It’s still available here: archive.org/details/catholiccontrove00sain
Another counter-reformer was St. Peter Faber. His biography is here: archive.org/details/lifeofblessedpet08boer
That book calls him Blessed Peter Faber, but he has since been canonized. He was alive and active when Martin Luther was still alive and active, and preached to Protestants in Germany. With Johann Eck, he helped write the Pontifical Confutation of the Augsburg Confession in 1530. It is notable for discussing areas of agreement as well as disagreement, and even goes into the legitimate need for true reform.
His writings against protestantism are not as antagonistic toward protestants as some other writings of the time, but in many places he strikes a more friendly tone. He once said:
St. Peter Faber - “[It] is essential that whoever desires to be useful to heretics in our day should both nourish in himself a great affection for them and show it in action, removing from his own mind those unfavourable imaginations which make us think less well of them.” (Instructions How to Deal with Heretics, as it appears in The life of Blessed Peter Favre by Giuseppe Boero, Chapter 13)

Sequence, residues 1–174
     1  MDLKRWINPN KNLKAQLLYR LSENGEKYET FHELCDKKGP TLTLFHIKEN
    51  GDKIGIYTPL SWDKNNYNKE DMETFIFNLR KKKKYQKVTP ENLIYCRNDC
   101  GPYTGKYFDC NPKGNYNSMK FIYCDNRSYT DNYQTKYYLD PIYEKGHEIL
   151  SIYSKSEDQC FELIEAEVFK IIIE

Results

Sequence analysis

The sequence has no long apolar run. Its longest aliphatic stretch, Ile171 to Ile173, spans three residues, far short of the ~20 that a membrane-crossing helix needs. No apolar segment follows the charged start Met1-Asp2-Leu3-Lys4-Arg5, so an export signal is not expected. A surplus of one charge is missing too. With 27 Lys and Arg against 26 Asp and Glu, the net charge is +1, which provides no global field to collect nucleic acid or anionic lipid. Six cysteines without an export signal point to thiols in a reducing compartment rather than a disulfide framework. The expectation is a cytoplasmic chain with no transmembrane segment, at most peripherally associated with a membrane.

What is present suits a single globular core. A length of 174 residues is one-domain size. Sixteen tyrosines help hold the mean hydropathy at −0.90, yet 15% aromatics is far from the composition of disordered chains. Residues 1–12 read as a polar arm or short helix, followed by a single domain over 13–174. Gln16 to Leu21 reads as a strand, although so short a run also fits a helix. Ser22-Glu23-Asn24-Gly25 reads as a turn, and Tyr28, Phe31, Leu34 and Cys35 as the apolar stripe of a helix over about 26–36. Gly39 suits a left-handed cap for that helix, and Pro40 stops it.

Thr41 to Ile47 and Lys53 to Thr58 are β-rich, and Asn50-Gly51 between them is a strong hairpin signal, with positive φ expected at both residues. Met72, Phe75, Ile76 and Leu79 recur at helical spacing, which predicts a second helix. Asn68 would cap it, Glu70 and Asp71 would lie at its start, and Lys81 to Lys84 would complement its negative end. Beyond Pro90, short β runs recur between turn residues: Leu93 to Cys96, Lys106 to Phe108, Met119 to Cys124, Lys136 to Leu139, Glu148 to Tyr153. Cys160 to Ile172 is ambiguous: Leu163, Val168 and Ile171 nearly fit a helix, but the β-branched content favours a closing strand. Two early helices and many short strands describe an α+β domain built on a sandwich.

“The next thing is, to win their goodwill and inclinations to such an extent that they may reciprocate our kind feelings and think well of us. This may easily be done by speaking to them affectionately, and dwelling in familiar conversations on those points only on which they agree with us, avoiding everything like a dispute, in which one side always assumes an air of superiority, and shows contempt of the other. Those subjects should be first chosen in which there is a sympathy and union of wills, rather than those which tend to disunite them by opposition of opinion.” (ibid.)
He Also talked fervently about areas of disagreement, and he is a notable early example of a good Catholic way to deal with protestants.